Why England won’t give up on ‘Baby Boycott’ Haseeb
September 05 2018 11:16 PM

By Richard Gibson/Daily Mail

As one inter-national career ends this week another is struggling to get into second gear.
The farewell to Alastair Cook at the Oval has coincided with another stalling of 21-year-old Haseeb Hameed’s bid to become his long-term successor as an England opening batsman.
Two years ago, aged 19 and the fifth youngest Test cricketer in England’s history, he wowed the nation with his intoxicating brew of skill, likeability and courage.
He made 82 on his debut in the first match of the series against India in Rajkot and then heroically completed another half-century in the third Test, despite nursing a shattered finger in his left hand. The only imponderable appeared to be how many caps he would go on to win.
As Hameed returned from India to have a plate inserted into the damaged finger, no one would have thought that number would remain at three.
But in a reminder that a player’s stock can fall as quickly as it rises, that looks much more plausible. On Monday, as Cook announced that his 161st Test would be his last, Hameed was dropped by Lancashire for a second time this summer.
The frustration is felt far and wide. Hameed is a role model for the Asian communities in which the ECB are dedicated to spreading the game and all the England selectors have needed was one solid score to select him again.
Yet his statistics have continued to decline. Last year his 512 County Championship runs came at an average of only 28.5. This year that figure has dipped to 9.7.
So how has a player, who earned private audiences with Virat Kohli and Sachin Tendulkar during that tour of India, gone from a fixture for years to come to one in a fix?
One answer is that his greatest strength has become his major weakness. The way Hameed left the ball during his breakthrough season of 2016 was so aesthetically pleasing and a throwback to a generation when substance suffocated style. The man dubbed the Baby Boycott by Sportsmail made bowlers bowl to him.
This season the same approach has caused calamity. On his way up, he appeared to know instinctively which deliveries to play. On his way down, he has lost his bearings, no longer sure of the whereabouts of his off stump.
Footwork that once looked neat and nimble was described as ‘wooden’ by a regular observer of his demise: opting to leave has contributed to at least nine of his dismissals this summer, including four in a row in the championship.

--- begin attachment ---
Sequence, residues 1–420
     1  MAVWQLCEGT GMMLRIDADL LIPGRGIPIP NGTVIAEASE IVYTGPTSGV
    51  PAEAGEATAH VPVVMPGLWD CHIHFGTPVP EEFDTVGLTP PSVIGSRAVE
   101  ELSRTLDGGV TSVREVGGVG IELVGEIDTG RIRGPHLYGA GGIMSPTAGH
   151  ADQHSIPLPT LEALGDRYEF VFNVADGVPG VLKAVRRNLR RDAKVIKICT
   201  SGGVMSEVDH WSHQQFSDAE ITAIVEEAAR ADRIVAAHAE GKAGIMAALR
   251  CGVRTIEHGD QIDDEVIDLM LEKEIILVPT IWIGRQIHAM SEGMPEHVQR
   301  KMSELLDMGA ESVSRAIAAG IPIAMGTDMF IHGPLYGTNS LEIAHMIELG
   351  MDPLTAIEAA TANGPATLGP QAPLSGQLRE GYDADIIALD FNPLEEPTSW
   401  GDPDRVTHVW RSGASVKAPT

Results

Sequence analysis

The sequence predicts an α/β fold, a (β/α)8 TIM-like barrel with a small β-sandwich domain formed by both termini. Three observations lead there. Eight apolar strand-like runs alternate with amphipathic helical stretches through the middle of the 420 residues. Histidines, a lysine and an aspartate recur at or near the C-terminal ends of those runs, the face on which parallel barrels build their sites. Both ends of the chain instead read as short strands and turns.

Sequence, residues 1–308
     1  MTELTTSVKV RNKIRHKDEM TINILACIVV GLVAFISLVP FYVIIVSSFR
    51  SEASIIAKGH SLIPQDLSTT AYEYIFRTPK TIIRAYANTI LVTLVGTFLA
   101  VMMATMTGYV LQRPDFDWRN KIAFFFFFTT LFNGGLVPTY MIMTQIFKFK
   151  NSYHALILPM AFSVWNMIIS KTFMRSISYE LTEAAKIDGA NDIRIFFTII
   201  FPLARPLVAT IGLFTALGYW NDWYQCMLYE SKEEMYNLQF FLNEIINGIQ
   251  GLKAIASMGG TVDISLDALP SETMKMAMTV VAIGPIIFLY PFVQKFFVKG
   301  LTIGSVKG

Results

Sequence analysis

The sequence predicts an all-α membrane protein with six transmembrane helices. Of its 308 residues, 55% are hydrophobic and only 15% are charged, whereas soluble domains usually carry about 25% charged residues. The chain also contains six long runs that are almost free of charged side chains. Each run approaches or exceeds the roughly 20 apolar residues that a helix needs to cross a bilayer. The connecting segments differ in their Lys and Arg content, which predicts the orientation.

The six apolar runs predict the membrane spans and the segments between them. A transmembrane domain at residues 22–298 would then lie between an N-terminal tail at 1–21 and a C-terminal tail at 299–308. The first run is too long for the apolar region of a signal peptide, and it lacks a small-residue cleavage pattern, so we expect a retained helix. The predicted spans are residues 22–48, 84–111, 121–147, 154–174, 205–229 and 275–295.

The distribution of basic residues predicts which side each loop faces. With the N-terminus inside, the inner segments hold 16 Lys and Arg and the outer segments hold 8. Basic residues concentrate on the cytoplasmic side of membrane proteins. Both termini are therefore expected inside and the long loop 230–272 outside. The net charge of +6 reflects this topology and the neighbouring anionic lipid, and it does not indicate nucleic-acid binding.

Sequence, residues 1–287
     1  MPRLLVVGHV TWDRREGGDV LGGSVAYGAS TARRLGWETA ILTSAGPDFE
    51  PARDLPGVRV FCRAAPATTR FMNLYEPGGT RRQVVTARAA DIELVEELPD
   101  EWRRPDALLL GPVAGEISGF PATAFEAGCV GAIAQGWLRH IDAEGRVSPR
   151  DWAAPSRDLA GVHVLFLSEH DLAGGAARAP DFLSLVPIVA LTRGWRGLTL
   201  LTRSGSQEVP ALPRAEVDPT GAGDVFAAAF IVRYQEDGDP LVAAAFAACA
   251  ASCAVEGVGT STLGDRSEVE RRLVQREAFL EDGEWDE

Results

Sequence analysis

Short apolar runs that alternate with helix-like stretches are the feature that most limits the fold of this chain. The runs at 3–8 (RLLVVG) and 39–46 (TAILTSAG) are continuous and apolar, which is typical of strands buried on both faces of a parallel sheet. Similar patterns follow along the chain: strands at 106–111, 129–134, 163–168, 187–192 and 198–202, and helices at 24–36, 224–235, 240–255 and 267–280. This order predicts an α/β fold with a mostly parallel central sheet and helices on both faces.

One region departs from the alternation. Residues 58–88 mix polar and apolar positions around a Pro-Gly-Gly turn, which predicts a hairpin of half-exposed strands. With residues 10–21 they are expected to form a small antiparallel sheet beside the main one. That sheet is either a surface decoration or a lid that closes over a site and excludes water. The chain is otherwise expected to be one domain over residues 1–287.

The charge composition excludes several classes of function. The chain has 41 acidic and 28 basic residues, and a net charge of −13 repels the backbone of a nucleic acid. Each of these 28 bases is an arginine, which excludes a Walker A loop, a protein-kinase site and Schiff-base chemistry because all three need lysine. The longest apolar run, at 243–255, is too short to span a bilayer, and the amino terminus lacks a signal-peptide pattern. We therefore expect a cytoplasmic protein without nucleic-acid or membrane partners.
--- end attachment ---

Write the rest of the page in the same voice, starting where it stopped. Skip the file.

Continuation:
Three weeks ago, he appeared to have turned a corner when, as captain of Lancashire’s second XI, he struck an unbeaten 183 against Leicestershire. It proved a false dawn, however, and after four more failures Lancashire preferred Karl Brown, a player without a first-class appearance in two years, for this week’s match against Somerset at Taunton.
The most pressing issue is how to deal with the malaise. A return to regular work with his father Ismail has failed to justify the pre-season claim that: ‘I find that when I have worked with my dad and follow his guidance, my game has been in better shape.’
The dedication of father and son is unquestionable. After one early-season dismissal, the pair could be seen working assiduously in the Old Trafford nets by the last of the Saturday evening stragglers.
England batting coach Mark Ramprakash has been a regular visitor to Manchester too, highlighting that time is still being invested in one of only two players to have averaged more than 40 in Tests for England since captain Joe Root made his debut in 2012 — Root being the other. But there are doubters and even before his England call-up, one rival county worked on the theory that Hameed’s game had flaws, most notably against the short ball, and bounced him out twice. Some acknowledge that although he is undoubtedly a fine player of spin he has been a victim of over-promotion.
One county director of cricket said: ‘Credit to the lad for what he did in India in his debut series but I didn’t see a player close to the international set-up before they picked him. It was too early for him.’
Indeed, the theory that he was still learning his trade is supported by the fact that he appeared for England before playing any senior limited-overs cricket. It is debatable whether the onus of putting bat to ball, compared to the more patient approach in first-class mode, contributed to the drop in his numbers when he did so in 2017.
Now, as English cricket says goodbye to its batting Rolls-Royce, there is a great will from within to restart another car. The only question is how.

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